Recorded September 2007 at Belleville, Oslo and Drammen Theatre.
Bassist and composer Arild Andersen is one of ECM's original big guns. He appeared with saxophonist Jan Garbarek, drummer Jon Christensen, and guitarist Terje Rypdal on Garbarek's legendary Afric Pepperbird date in 1970, and has recorded as both a leader and preferred session player for the imprint ever since. Live at Belleville is Andersen's first offering since 2005, and stands in stark contrast to it. Electra was composed for the Spring Theater in Athens, for their production of the same name. The band was large and contained many guests from the European North including Arve Henricksen, Bugge Wesseltoft, Eivind Aarset, Nils Petter Molvaer, and drummer Paolo Vinaccia, who also appears here along with Scottish sax boss Tommy Smith (a prominent member of Andy Sheppard's fine band and the leader of over 20 dates of his own).
The set was indeed recorded live at the Oslo club Belleville, and also in performance at the Drammen Theater. As such, this is a kind of classic Andersen offering, in that it features his playing and highlights virtually all of the music he's been interested in during his long career. Over half of the set is made up of the four-part suite "Independency." It showcases everything from the bassist's obsession with Norwegian folk forms, post-bop, and near free improvisation in a trio setting to atmospheric, structured improv bordering on the episodic music from his scores for theater and cinema. The first section addresses Norwegian folk forms directly. It offers a different side of the same kinds of explorations done by Garbarek, though Andersen's are more tempered and far less ornamental melodically. "Part Two" is more concerned with his fascination with the music of players like John Coltrane, Sam Rivers, and the powerhouse blowing of both. The leader's bass alternately prods, propels, hovers, and drives the band into unhidden corners, seeking to allow not only emotion but to give dense harmonic ideas free rein.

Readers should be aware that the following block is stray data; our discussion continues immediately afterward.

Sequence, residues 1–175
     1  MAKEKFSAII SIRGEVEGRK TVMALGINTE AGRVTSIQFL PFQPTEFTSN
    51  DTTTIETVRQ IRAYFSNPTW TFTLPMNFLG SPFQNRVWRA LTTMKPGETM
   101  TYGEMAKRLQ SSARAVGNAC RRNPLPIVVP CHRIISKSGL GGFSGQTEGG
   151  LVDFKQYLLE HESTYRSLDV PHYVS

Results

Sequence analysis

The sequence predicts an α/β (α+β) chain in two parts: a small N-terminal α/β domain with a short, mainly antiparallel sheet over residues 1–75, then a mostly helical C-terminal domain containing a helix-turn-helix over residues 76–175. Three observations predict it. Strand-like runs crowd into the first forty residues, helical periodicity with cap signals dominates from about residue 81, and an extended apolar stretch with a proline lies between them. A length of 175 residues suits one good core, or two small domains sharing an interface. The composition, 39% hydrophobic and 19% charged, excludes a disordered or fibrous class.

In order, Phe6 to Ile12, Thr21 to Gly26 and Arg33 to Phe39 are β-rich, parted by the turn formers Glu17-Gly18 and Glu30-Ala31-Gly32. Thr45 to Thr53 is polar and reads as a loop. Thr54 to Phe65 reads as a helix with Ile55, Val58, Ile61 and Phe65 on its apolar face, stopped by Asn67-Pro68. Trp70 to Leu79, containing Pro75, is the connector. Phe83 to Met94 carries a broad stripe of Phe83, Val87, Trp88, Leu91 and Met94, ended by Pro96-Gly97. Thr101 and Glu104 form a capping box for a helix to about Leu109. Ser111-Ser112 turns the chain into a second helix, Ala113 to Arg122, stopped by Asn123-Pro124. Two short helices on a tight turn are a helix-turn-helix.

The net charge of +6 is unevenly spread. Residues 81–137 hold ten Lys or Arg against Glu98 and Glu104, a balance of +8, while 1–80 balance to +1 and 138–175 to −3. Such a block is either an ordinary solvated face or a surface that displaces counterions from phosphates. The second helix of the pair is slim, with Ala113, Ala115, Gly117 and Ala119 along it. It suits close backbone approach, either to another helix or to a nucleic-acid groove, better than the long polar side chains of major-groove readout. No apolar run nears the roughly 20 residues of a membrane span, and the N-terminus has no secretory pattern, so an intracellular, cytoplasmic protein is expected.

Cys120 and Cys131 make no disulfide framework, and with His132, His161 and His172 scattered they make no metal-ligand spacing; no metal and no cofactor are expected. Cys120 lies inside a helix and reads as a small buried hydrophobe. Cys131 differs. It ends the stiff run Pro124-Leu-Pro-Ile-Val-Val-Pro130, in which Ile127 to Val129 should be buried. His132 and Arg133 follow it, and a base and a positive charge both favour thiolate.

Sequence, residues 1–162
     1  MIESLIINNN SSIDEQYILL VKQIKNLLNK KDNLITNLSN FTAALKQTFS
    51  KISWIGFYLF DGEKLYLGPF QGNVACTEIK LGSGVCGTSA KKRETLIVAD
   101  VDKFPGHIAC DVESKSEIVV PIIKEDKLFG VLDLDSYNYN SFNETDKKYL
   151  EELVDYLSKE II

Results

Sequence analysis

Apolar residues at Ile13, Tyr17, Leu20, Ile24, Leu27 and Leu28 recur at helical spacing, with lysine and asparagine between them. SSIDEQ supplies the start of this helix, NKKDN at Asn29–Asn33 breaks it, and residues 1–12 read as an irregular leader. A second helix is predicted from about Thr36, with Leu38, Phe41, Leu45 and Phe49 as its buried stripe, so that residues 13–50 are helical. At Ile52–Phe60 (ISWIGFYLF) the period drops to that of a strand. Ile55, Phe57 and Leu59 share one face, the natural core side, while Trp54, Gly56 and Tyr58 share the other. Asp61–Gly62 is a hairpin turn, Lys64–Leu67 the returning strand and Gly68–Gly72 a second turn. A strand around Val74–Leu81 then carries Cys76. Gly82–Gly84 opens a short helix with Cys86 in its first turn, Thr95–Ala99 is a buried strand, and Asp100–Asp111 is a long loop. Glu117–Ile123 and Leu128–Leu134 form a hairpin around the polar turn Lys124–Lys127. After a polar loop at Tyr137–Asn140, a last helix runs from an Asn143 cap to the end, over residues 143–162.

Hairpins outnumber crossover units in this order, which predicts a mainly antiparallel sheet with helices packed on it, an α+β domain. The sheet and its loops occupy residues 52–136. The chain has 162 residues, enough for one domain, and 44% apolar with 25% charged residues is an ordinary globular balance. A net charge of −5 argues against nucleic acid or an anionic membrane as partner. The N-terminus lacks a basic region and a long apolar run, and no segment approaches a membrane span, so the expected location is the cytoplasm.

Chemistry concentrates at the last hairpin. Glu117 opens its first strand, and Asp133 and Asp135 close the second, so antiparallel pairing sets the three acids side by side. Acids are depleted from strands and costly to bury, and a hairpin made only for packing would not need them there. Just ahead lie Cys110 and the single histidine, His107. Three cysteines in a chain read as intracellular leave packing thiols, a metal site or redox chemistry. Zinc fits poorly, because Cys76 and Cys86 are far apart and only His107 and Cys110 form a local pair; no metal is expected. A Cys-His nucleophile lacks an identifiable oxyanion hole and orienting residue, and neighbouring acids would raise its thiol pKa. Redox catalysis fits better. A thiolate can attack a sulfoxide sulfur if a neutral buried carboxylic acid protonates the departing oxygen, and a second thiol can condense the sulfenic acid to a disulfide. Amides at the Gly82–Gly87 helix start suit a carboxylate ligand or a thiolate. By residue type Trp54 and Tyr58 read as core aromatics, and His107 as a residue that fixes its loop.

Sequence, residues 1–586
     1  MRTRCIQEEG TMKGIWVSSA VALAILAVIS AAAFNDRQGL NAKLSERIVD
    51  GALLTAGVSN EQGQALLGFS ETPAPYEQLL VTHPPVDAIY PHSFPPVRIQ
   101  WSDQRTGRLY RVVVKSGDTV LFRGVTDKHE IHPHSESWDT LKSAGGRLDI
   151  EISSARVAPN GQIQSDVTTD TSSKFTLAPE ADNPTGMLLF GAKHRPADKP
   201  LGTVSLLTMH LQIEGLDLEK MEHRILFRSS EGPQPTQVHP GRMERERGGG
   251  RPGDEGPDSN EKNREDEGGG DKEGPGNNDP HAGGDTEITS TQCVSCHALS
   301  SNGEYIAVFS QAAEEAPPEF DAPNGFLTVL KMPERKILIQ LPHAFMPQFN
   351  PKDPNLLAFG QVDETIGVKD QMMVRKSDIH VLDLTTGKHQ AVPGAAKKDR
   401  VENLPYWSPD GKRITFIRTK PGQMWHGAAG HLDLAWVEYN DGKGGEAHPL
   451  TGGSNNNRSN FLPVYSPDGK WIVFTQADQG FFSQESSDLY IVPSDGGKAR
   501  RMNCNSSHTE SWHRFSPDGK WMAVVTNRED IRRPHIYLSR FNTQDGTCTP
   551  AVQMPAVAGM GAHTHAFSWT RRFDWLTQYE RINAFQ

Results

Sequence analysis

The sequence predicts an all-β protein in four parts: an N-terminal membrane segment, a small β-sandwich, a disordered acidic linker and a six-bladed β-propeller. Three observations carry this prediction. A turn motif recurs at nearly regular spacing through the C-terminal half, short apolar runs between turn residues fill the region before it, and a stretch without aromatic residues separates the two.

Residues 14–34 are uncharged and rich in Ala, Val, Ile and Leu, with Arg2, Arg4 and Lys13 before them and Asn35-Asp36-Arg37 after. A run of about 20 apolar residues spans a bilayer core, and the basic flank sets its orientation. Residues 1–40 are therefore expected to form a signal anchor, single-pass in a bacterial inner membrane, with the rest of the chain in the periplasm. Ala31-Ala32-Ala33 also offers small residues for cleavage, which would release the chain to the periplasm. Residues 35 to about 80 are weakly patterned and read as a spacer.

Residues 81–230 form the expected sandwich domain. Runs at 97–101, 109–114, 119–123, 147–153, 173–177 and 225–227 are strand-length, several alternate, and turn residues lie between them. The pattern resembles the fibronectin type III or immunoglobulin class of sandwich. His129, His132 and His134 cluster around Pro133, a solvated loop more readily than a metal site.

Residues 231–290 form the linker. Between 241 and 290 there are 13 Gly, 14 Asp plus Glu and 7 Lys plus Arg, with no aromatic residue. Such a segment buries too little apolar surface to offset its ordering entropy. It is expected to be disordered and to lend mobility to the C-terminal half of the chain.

The rest of the set contains a fine reading of the standard "Prelude to a Kiss" (at 7:24 the shortest track here). Beginning with a long, gentle tenor solo reminiscent of the phrasing of Ben Webster, Smith takes his time to unfold the melody as Andersen offers shimmering drones atop Vinaccia's deft brushwork. Of the final two pieces, "Outhouse" is a tremendous workout involving modalism, post-bop, and freewheeling intensity. It's pure technical muscle as it meets fierce communication between the three principals. Andersen long ago established himself as one of the best in the game, but it's in live performances that we get to hear all of the reasons why this is so. As a leader he is imposing, but he never towers above his sidemen. As an innovator, he nonetheless remains at the service of whatever he's written, and he understands the value of elaborately phrased statements and economically expressive ones. He is a master poet and provocateur on his instrument, and in the music he composes. This is as solid a trio date as one is likely to find in 2008.
All Music Guide
The first release from Arild Andersen's new trio, featuring saxophonist Tommy Smith and drummer Paolo Vinaccia in a performance recorded live at Oslo's Belleville Club and the Drammen Theatre. One of the most comprehensive and exciting recordings of Andersen's long creative career, it allies compositional intelligence to top flight improvising with powerful results.
The major work on the disc is Andersen's "Independency", a piece written in 2005 to mark the centenary of Norway's liberation from the union with Sweden, presented as an epic voyage of continually changing musical emphasis, from guided free playing to post-bop group interaction, beautiful balladry and evocative sound-painting.
The stripped-down sax/bass/drums format will make long-time Andersen listeners recall his historic collaborations with Jan Garbarek/Edward Vesala ("Triptykon") or Sam Rivers/Barry Altschul ("Hues", on Impulse); "Live At Belleville" is also in this tradition. Scottish tenorist Smith makes a magisterial showing. Reviewing a live performance of "Independency" in the Birmingham Post, Peter Bacon wrote. "As a demonstration of what the saxophone is capable of, this was something of a master-class. Smith's mastery of whole areas above the instrument's normal range - and then to draw such sweet notes from that stratosphere - simply takes the breath away." Smith's versatility is emphasized also in a yearning and freely expressive version of Duke Ellington's "Prelude To A Kiss". Throughout, the interaction between the trio is exemplary. Apart from driving the trio forward with his muscular basslines and locking in with Paolo Vinaccia's detailed drums, Andersen also expands the band's sonic palette with discreet electronics, building layers of strings with digital loops, and creating arrangements in the moment.